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Chicago: The Perfect Place For Rand Paul's Campaign

The opinions expressed by columnists are their own and do not necessarily represent the views of
I've found the perfect place for Sen. Rand Paul to campaign for the presidency of the United States.

It's right here, the city by the lake:


Paul, the libertarian-leaning Kentucky Republican, is running his presidential campaign against what he calls "The Washington Machine."

Paul was scheduled to appear in Chicago on Wednesday to juxtapose his campaign against the infamous Chicago Democratic Machine, where the heavy fists of government have clouted the people into line for almost a century.

"Sometimes I wonder which machine is more powerful, the one you've got in Chicago or the one in Washington," Paul told me in a telephone interview. "Your machine's pretty famous. And Washington? Some people think it's less corrupt, but it's a machine nonetheless, and the power of inertia in Washington, the power of the status quo, is just enormous."

He couldn't have a picked a better backdrop than Chicago, the political birthplace of President Barack Obama, where public education fails the poor, where there is little if any economic development in African-American neighborhoods, and where amid ongoing gang wars, 56 people were shot over the Memorial Day weekend, including a 4-year-old girl.

The city is run by former Obama chief of staff and current Mayor Rahm Emanuel, who was succeeded in the White House by William Daley, brother of former Mayor Richard Daley, whose Democratic family has run Chicago for 50 years.

But they were assisted by an eager mob of unctuous, let's-make-a-deal, big-government Illinois Republicans, who helped write future state budgets in the red ink of the bankrupt.

I did ask Paul about the establishment Republican neoconservative attacks on him of late. William Kristol, editor of The Weekly Standard, said Paul is actually some kind of liberal Democrat who'll usher in terrorism because he opposes mass data collection under the Patriot Act.

"I think this is their last gasp," Paul said of the GOP establishment. "I think they're desperate to be relevant. And they're on the wrong side of history. ... The people who are beating me up on the issue are out of step with the public. And I'm kind of happy to have my own spot in the Republican Party (as one) who believes that the collecting of all our data has gone way too far."

Paul was scheduled to campaign for African-American votes Wednesday morning with South Side pastor Corey Brooks. Then he was to highlight "failed liberal policies" with the fiscally conservative Illinois Policy Institute in the afternoon, and court Republican votes at a Lincoln Day Dinner in DuPage County in the evening.

Brooks and the Illinois Policy Institute supported Gov. Bruce Rauner. But some of the Illinois establishment Republican types who wrote campaign checks for Rauner are backing former Florida Gov. Jeb Bush for president.

"You're not for Jeb Bush, but he's going to win this thing, whether you like it or not," a friend, one of the check writers and a boss of a big investment bank, told me. "My ideal would have Bush and (Wisconsin Gov.) Scott Walker as his vice president."

That's his ideal. But if another big-government, big-war Republican Bush becomes president, I just might have to flee the country and open a souvlaki stand in Albania.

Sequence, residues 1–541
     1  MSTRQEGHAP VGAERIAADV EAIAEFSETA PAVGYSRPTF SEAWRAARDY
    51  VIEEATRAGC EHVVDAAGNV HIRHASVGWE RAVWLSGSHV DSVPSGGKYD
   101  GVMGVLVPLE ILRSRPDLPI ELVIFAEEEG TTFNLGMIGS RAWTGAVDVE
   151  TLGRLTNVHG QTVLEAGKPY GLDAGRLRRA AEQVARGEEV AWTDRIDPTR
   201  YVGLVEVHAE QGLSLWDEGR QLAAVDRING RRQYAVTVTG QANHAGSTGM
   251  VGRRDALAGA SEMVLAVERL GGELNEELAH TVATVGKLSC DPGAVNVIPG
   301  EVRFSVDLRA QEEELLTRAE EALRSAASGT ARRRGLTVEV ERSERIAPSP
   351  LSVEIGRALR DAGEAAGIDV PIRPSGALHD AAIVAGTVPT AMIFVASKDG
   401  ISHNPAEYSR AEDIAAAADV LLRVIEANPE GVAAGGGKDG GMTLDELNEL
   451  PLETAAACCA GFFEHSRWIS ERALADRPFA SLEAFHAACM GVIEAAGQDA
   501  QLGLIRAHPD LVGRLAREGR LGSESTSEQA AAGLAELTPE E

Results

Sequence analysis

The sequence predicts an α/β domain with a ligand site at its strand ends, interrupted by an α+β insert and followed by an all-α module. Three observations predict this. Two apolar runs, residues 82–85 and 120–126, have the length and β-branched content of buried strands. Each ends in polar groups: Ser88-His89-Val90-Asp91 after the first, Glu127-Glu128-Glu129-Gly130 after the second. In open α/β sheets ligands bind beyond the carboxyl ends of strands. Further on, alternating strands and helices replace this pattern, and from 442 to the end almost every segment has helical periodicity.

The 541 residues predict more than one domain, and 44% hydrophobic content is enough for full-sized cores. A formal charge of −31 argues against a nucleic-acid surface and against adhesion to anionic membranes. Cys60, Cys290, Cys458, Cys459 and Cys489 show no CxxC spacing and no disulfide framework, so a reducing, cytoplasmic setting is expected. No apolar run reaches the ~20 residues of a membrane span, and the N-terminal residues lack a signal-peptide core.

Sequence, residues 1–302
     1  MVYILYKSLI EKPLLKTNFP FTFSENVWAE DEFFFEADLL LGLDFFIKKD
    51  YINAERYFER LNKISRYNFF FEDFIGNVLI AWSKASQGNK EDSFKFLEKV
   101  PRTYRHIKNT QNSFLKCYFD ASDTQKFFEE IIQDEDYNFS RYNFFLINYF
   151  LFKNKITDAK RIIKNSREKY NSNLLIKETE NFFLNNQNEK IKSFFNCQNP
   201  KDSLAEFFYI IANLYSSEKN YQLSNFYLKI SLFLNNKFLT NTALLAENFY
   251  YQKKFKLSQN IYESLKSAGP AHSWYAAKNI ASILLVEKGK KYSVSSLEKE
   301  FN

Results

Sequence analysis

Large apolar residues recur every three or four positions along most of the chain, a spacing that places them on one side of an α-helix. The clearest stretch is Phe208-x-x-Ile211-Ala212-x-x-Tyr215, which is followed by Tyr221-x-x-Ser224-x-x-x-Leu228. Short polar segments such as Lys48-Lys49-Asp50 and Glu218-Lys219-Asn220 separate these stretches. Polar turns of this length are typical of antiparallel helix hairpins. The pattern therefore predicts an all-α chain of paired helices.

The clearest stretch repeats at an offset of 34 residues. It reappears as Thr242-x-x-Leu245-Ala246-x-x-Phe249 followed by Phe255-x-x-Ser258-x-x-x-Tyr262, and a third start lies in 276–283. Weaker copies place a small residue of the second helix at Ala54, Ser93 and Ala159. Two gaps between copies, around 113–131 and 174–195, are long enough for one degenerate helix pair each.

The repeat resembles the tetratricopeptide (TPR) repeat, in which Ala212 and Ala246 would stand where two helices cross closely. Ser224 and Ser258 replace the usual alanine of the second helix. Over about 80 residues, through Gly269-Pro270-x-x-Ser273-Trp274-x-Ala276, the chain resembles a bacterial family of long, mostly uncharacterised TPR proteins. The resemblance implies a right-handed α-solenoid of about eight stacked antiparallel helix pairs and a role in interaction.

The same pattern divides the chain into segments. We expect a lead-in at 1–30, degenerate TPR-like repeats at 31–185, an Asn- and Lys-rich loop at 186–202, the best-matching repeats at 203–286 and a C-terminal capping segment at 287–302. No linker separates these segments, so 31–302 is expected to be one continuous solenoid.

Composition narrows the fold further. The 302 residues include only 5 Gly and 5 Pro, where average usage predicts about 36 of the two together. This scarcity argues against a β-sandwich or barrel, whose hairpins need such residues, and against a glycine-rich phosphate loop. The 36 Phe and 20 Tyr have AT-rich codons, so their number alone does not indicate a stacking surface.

The establishment Republicans are very much like establishment Democrats in one thing: What they want is control. It should be interesting to see how far establishment Republicans will go to stop Paul from getting close to the White House.

"We need a debate on how to fix poverty in this country, on how to make poverty less bad, how to make unemployment less of a problem," Paul said in our interview. "It's been a one-sided debate for a long time. Democrats appear to care about the problem, but their policies don't fix the problem and the statistics show that decade after decade, the problems persist and aren't any better.

"And Republicans I think haven't done a good enough job showing that they care, or offering solutions. We're going to put forward solutions."

His proposed solutions include school vouchers and privately run charter schools and deep tax cuts in depressed inner-city neighborhoods, what the late Jack Kemp called "enterprise zones," though Paul calls his plan "Kemp on Steroids."

"The answer to figuring out how we win in Chicago, how we get an increase in the African-American vote, etc., is that you convince people you have their best interests at heart," Paul said. "Second? You explain the current policies aren't helping them at all, which they know. And third, you have to be innovative to figure out how to get people that are aligned in one direction to think otherwise.

"For example, teachers, not the unions necessarily, but teachers in the classrooms, aren't in love with centralized control because they don't want to be judged in Washington," Paul said. "If we can empower teachers to have more power over the classroom, more power over the curriculum, the stranglehold the Democrats have over teachers could be broken up.

"That's how you transform things and change the vote. I think the same is true for the African-American vote. ... I'm saying the opportunity is out there."

Perhaps the opportunity is out there.

But here?

This is the blue state where ham-handed Chicago Democrats and white-shoe suburban Republicans have spent decade after decade winning support from special interests by spending middle-class taxpayers into oblivion and giving lip service to the poor.

Come to think of it, Chicago is very much like Washington after all.

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